“Listen. It’s really very simple. The woman I want you to catch him fucking around with will be a whore. A prostitute of some kind.”
“Yes. A prostitute. Or a porno star. One or the other, or maybe even both, I don’t know. She’ll be a woman who sells her body to men in one fashion or another, Mr. Gunner. Is that description sufficient for you, or do I need to go on?”
“That depends. Will any prostitute-slash-porno star do, or are we talking about one in particular?”
Everson grunted to dismiss the question, said, “We’re talking about one in particular, of course. She’ll be black, not white. Younger than myself, though she won’t look it. She’ll have a pronounced limp. And I suspect she’ll be an addict of some sort. A crackhead at the very least, or maybe even a heroin junkie. It wouldn’t surprise me a bit if it was heroin.”
“I see.” Gunner scribbled out a note, looked up at his client again. “You seem to know this woman quite well, after all.”
“Know her? Why in God’s name would I know her?”
“I know my
, Mr. Gunner. That’s who I know. I know what he likes, and I know the kind of woman he likes it from. I’m his wife, remember?” She tucked her purse securely under her left arm and said, “Now. I’m leaving. Please don’t call me down here again until you’ve taken the photographs I’ve paid you to take. Do you understand?”
It would have been polite of her to wait for him to answer, but the thought never occurred to her. She was gone before Gunner could complete the motion of standing up to see her out.
Mickey Moore, the barber in whose shop Gunner’s office space was located, came back to see him immediately afterward, just as Gunner figured he would. Mickey could pounce on a potential piece of gossip faster than most people could wink their left eye.
“That was Gil Everson’s wife, wasn’t it? The councilman over in Inglewood,” Mickey said.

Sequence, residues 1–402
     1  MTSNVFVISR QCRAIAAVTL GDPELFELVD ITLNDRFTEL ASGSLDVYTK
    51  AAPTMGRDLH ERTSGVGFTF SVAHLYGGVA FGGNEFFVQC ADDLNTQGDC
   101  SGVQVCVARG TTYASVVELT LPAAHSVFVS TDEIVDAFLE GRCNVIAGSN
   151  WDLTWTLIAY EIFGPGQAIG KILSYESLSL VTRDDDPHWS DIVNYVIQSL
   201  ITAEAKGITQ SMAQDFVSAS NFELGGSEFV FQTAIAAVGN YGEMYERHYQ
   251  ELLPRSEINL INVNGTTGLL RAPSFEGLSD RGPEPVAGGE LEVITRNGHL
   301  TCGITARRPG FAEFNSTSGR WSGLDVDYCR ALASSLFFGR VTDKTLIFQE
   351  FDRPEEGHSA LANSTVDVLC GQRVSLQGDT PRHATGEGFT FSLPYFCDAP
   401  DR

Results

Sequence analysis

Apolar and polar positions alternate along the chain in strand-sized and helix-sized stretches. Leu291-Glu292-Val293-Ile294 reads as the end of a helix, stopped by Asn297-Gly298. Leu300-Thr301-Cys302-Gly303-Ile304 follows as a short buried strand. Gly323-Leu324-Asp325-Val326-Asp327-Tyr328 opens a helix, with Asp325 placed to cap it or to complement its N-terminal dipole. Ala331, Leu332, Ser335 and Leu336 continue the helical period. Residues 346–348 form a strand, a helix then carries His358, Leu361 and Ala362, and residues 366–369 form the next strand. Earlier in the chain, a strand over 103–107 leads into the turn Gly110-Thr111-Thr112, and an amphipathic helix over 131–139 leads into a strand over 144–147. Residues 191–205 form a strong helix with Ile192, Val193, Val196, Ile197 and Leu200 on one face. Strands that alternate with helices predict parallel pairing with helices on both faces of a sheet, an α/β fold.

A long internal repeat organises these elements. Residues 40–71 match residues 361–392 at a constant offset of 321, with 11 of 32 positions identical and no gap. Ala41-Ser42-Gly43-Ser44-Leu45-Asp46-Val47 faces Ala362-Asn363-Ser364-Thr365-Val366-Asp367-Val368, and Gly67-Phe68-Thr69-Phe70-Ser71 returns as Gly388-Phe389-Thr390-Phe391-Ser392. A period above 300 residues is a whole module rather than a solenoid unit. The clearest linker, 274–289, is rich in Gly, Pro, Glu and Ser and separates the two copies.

“Is that right?”
“Look, just give me a simple yes or no. Was that her, or not?”
“Nice weather we’ve been having lately, isn’t it?”
“Bet she’s hiring you to follow that fool’s sorry ass around, catch him dippin’ his wick where it don’t belong.”
Gunner started scooping up the photographs on his desk, got them into a drawer before Mickey could get much more than a glimpse of one.
“You got pictures of him and that girl Chelsea, huh? The one used to be a secretary over at the courthouse?”
Mickey nodded. “Chelsea Seymour. Ain’t but twenty-two years old. You tellin’ me Mrs. Everson didn’t already know about her? Long as those two been messin’ around?”
“Mickey, I’m not telling you
What happens back here is confidential, I’ve told you that a thousand times.”
“Councilman likes to do some weird shit in the bedroom. She tell you that?”
Gunner looked at him incredulously, overwhelmed by the depth of the man’s knowledge of all things pertinent to other people’s business. Mickey wasn’t just a barber, he was a minister of information.
“What kind of weird shit?” Gunner asked, trying not to sound as intrigued by the subject as he was.
But the bell over Mickey’s front door rang before Mickey could answer him, followed by the sound of a woman’s voice calling out for assistance.
“Hello? Anyone home?”